> wrote in message news:[email protected]
> David Ornee <[email protected]
> >> does the Wheelsmith approach truing a radially lumpy rim but laterally acceptable rim in a
> >> different manner than the inverse?
> > From their site at URL http://www.wheelsmith.com/page4.html
> > "Wheelsmith's wheelbuilding philosophy emphasizes strength and durability, and the key is high,
> > uniform spoke tension. Spoke tension is the most difficult and elusive aspect of wheelbuilding.
> > It is the characteristic of the wheel most difficult to evaluate, yet the most critical to its
> > performance. This approach to wheelbuilding, based on combining both art and science, and
> > focusing on tension rather than cosmetic trueness, was pioneered by Wheelsmith and remains at
> > the foundation of our process. Cosmetic trueness can actually come at the expense of a wheel's
> > strength because it can result in unbalanced tension. So do not be misled by some builders'
> > claims about trueness, because what really matters is not how true a wheel is now, but how true
> > it is 1,000 miles from now."
> > Tension is a very important element in wheel durability. I can speak for my experience and what
> > I have learned from reading more experienced and those that approach from an engineering base
> > ("the Bicycle Wheel" by Jobst Brandt). Most new rims will allow you to get high and even tension
> > while maintaining lateral and acceptable radial true. Most experienced wheel builders will
> > adjust for the best tension balance and lateral true, while using radial to make up for the
> > irregularities in the rim. The builder's tolerance for imperfections in radial true is usually
> > under 0.5 mm from "peak" to "valley".
> That's all nice to hear but there is a fly in the ointment. A wheel that is true and does not have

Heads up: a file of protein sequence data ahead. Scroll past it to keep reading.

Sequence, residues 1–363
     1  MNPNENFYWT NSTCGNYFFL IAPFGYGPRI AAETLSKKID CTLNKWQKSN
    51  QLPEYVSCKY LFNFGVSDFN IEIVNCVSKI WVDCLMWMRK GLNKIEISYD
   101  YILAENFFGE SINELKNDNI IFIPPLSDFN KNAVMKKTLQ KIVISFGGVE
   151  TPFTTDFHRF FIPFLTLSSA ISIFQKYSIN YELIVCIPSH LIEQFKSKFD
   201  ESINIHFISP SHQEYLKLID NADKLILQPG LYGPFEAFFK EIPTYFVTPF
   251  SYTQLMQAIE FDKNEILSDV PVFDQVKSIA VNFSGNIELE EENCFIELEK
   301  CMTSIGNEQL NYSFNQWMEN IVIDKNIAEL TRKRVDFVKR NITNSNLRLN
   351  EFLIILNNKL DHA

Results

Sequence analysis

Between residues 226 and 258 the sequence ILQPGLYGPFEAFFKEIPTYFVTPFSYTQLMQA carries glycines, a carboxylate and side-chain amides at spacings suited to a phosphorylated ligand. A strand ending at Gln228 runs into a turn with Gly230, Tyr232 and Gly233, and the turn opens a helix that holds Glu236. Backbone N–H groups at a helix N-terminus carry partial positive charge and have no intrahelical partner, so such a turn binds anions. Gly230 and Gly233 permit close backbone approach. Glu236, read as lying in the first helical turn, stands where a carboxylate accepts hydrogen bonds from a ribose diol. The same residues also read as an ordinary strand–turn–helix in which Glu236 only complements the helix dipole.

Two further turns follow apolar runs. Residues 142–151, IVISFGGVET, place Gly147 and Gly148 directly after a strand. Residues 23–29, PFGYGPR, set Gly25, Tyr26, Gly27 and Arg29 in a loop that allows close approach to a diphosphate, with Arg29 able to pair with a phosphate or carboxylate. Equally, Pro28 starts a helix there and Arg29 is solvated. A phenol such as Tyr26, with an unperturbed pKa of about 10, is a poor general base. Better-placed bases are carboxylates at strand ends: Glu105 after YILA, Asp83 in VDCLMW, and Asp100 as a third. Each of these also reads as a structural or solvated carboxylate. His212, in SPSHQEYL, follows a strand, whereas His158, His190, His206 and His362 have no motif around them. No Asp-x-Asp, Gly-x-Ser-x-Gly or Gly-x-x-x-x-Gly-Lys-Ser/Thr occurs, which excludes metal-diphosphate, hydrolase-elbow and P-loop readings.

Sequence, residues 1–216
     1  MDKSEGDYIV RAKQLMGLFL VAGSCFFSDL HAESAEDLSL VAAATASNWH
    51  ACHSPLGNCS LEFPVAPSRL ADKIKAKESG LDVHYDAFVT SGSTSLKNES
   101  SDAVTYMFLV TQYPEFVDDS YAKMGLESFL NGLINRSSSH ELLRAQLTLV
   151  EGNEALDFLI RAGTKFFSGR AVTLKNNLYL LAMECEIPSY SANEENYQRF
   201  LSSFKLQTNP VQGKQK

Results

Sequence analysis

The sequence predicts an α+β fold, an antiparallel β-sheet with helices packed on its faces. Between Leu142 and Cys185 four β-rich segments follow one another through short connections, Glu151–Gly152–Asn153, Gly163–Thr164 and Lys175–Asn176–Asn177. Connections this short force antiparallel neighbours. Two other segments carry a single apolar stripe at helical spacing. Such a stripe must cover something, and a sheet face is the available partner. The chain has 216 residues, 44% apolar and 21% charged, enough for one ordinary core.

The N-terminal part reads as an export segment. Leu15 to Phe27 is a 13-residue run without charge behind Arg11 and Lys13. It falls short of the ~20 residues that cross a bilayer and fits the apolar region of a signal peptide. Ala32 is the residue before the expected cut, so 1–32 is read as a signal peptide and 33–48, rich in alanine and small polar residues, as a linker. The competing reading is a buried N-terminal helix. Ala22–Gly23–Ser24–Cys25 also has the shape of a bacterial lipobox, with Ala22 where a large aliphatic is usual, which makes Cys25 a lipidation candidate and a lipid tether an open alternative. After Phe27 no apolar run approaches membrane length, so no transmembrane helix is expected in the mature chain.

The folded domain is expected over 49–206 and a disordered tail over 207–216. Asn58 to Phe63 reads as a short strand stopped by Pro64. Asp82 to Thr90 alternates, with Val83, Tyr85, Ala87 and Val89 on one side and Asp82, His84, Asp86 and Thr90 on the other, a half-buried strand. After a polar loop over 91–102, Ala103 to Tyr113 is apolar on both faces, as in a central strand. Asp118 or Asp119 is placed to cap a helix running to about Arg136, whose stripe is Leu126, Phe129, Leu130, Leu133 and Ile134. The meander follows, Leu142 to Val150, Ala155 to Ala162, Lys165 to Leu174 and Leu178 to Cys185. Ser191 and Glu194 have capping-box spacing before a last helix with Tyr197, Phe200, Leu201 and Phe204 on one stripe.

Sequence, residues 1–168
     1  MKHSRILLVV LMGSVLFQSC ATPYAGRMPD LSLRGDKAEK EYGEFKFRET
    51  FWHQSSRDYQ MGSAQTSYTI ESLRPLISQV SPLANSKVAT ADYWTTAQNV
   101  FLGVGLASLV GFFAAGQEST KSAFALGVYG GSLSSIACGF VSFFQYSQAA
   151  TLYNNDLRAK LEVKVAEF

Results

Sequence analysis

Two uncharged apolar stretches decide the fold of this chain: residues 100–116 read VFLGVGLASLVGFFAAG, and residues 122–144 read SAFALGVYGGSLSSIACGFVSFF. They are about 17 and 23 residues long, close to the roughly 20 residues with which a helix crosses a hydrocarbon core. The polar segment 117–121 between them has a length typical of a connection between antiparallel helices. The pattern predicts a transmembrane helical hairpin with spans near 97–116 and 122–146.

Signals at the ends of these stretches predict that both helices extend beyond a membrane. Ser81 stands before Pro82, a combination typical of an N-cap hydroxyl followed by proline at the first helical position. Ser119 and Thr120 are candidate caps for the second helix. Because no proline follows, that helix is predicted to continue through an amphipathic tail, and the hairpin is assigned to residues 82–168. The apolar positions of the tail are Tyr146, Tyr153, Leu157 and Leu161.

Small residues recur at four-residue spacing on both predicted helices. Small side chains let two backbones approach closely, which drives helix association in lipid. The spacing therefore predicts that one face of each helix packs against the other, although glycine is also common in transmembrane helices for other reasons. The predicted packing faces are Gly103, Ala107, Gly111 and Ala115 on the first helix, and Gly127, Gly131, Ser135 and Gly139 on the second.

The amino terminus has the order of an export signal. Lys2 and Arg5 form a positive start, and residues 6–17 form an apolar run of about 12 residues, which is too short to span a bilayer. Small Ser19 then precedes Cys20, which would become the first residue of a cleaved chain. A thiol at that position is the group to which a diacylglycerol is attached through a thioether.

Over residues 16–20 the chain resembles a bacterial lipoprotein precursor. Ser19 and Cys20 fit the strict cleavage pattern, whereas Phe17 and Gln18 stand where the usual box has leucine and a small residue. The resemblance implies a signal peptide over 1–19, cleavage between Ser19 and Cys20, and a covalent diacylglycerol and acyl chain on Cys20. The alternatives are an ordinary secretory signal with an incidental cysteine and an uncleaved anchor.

> uniform tension is a loose wheel. As most wheel builders know, when the spokes get up to proper
> tension, THEY determine how true the wheel is, not the rim, that otherwise covers for tension
> disparities. Wheels are often built too loosely to not disturb the original trueness of the rim.
> If the tensioned wheel is fairly true, yet does not have uniformly tensioned spokes, the spokes
> are too loose.
> Jobst Brandt [email protected]
Palo Alto CA
Very interesting! I have limited experience of only building 250 wheels and working on 360 that
others have built. I always try to follow the methods described in the Jobst Brandt book: "the
Bicycle Wheel". However, I have thrown out 5 or 6 rims because I was not able to get the spokes at
uniform high tension and have the wheel true. I thought it was the rim's fault. I assumed there was
some damage or weakness in the rim when I couldn't get uniform high tension and true at the same
time. I tension for minimum of 100 kgf on spokes of the front wheel. I have used 170 kgf on Mavic
D521 and T520 front spokes. Both these examples built very true and within 5% of tension balance.
David Ornee, Western Springs, IL